Photo Source: Gizmodo.com
Are you sure you were enjoying a delicious filet mignon the last time you went out to a fancy steakhouse? Or were you eating pieces of stew-quality meat that were “glued” together to form what resembled a filet mignon, but was actually anything but?
Much like Pink Slime, the use of Meat Glue (AKA transglutaminase) is not something that’s been publicized much – until recently. The process of using Meat Glue requires taking a powder-like substance, mixing it in a bowl with some water and then using it to coat various pieces of meat before forming them into a filet mignon (or other type cut) shape. After sealing the creation in a vacuum bag and then allowing it to set overnight, you have your newly formed creation – with the transglutaminase still intact as part of the ingredients.
Chef Staffan Terje of San Francisco’s Perbacco Restaurant recently told San Francisco’s KGO-TV that he does not use Meat Glue at his restaurant, but that he’s very familiar with the practice of using it and jokingly refers to filet mignons and other bogus ‘steaks’ manufactured to look as such as “Franken-steaks.”
Betsy Booren, Director of Scientific Affairs for the American Meat Institute defends Meat Glue – telling Los Angeles’s KABC-TV, “It gives chefs and specialists some flexibility to create a very nutritious and healthy product and add value to what ultimately, worst-case scenario, would just be thrown away.”
Although the USDA requires that transglutaminase appear on the ingredient label along with the terms “Formed” or “Reformed meat,” those labels are not necessarily available to anyone consuming “Franken-steaks” at a restaurant or other public eating scenario during which the meat is prepared and then served to dining guests.
Add to this, the concern that normally the center of a cut of meat is sterile (thus there’s usually no harm in eating a steak rare or medium-rare). But when Meat Glue is used to assemble various pieces of steak into one, there is no “center” that hasn’t come into contact with potential bacteria that could possibly harm the person eating it if it’s not cooked all the way through.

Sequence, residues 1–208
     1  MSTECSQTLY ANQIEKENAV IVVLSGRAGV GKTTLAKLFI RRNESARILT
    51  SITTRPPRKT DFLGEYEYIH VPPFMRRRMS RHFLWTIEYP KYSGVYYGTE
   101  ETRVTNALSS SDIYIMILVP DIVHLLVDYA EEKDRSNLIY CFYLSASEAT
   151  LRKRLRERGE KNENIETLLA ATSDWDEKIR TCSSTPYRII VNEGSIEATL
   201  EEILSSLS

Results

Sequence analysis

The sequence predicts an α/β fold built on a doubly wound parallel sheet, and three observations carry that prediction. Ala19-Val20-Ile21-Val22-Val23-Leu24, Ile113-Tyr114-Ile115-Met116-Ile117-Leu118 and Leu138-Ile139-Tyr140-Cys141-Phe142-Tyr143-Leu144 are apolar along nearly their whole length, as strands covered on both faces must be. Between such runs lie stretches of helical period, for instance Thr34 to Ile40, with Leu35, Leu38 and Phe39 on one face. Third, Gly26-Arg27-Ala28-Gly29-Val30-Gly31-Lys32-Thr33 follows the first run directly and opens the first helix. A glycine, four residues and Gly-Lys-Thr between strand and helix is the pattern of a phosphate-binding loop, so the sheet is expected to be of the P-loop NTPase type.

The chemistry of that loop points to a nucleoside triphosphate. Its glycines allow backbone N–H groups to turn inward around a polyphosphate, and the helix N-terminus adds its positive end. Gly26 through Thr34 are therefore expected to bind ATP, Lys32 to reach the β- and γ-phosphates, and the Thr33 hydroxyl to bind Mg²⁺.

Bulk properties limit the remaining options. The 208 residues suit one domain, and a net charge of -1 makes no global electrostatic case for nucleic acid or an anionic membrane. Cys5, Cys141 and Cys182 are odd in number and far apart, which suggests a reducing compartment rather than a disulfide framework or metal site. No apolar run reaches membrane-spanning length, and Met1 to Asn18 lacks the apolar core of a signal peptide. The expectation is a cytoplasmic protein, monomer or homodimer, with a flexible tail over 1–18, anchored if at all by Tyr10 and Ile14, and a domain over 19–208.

Food Safety Attorney and Advocate Bill Marler told KABC-TV, “It has not reached a point where people generally are aware of it and I think it’s primarily because, like Pink Slime, nobody knew where it was. I think what their fear is, is that the public’s going to look at their information and go ‘I don’t want to eat that.'”
Marler went onto say that Meat Glue is used more than people realize and the meat industry isn’t giving consumers the entire picture (even though the meat industry claims that meat glue is used to glue scraps of filet mignon back together, as opposed to lesser quality scraps of meat).
The French Culinary Institute’s Tech’N Stuff Blog reports that some studies have shown that stomach enzymes have difficulty breaking down proteins after they’ve been bonded together by transglutaminase, while other studies show that the bonded proteins are absorbed and broken down in the body as though they had never been bonded.
Whether you’re for the use Pink Slime or Meat Glue in your meat products is an individual choice (and has someone who has blogged against Pink Slime, I can assure you it has its defenders). What’s good about these recent reports is that we as consumers get to be more informed and, therefore, are able to make more informed choices when it comes to what we’re ingesting.
Personally, I subscribe to ‘the more natural, the more clean the food is, the better for my system and my metabolism’ way of eating. Again, the choice is up to you. So tell me, are you for Meat Glue? Or would you want to avoid it? I would love to hear from you in regard to this somewhat sticky issue.